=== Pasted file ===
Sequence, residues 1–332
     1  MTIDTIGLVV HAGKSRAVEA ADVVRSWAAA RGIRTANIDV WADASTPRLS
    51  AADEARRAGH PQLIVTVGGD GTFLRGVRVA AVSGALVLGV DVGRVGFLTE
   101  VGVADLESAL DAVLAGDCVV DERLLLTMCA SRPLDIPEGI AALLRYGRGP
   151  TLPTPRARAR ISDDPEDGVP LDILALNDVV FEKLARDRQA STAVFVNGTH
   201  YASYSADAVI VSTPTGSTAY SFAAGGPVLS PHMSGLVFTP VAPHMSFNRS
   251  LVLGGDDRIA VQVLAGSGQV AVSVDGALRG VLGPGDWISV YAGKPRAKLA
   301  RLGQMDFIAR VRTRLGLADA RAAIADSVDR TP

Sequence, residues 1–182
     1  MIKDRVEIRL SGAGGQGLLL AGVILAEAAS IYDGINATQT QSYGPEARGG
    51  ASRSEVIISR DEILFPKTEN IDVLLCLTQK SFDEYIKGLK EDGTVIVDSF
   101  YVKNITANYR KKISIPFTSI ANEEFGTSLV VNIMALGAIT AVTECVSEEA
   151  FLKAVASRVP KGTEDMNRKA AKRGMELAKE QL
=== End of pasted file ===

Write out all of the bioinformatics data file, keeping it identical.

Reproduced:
Sequence, residues 1–332
     1  MTIDTIGLVV HAGKSRAVEA ADVVRSWAAA RGIRTANIDV WADASTPRLS
    51  AADEARRAGH PQLIVTVGGD GTFLRGVRVA AVSGALVLGV DVGRVGFLTE
   101  VGVADLESAL DAVLAGDCVV DERLLLTMCA SRPLDIPEGI AALLRYGRGP
   151  TLPTPRARAR ISDDPEDGVP LDILALNDVV FEKLARDRQA STAVFVNGTH
   201  YASYSADAVI VSTPTGSTAY SFAAGGPVLS PHMSGLVFTP VAPHMSFNRS
   251  LVLGGDDRIA VQVLAGSGQV AVSVDGALRG VLGPGDWISV YAGKPRAKLA
   301  RLGQMDFIAR VRTRLGLADA RAAIADSVDR TP

Sequence, residues 1–182
     1  MIKDRVEIRL SGAGGQGLLL AGVILAEAAS IYDGINATQT QSYGPEARGG
    51  ASRSEVIISR DEILFPKTEN IDVLLCLTQK SFDEYIKGLK EDGTVIVDSF
   101  YVKNITANYR KKISIPFTSI ANEEFGTSLV VNIMALGAIT AVTECVSEEA
   151  FLKAVASRVP KGTEDMNRKA AKRGMELAKE QL